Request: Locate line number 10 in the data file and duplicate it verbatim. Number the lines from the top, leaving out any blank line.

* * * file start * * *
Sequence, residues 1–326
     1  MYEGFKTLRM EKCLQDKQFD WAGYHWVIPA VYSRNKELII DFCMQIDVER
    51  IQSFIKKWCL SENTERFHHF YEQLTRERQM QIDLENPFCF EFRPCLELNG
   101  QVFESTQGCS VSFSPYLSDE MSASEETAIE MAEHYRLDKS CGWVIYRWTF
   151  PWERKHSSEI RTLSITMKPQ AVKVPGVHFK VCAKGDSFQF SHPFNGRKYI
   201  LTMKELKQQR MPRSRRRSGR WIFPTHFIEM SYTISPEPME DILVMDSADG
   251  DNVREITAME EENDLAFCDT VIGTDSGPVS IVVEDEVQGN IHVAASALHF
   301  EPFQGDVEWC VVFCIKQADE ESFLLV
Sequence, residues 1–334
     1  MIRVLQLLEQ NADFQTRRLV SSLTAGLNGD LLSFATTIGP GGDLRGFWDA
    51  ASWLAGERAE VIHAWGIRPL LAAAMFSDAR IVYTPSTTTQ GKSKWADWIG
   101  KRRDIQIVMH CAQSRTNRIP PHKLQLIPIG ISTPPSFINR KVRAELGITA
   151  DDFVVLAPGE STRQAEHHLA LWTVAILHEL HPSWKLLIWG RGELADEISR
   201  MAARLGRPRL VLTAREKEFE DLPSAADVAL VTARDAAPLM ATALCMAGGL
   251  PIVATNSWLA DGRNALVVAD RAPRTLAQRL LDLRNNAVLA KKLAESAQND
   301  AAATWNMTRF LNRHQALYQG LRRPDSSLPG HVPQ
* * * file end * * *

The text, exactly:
     1  MIRVLQLLEQ NADFQTRRLV SSLTAGLNGD LLSFATTIGP GGDLRGFWDA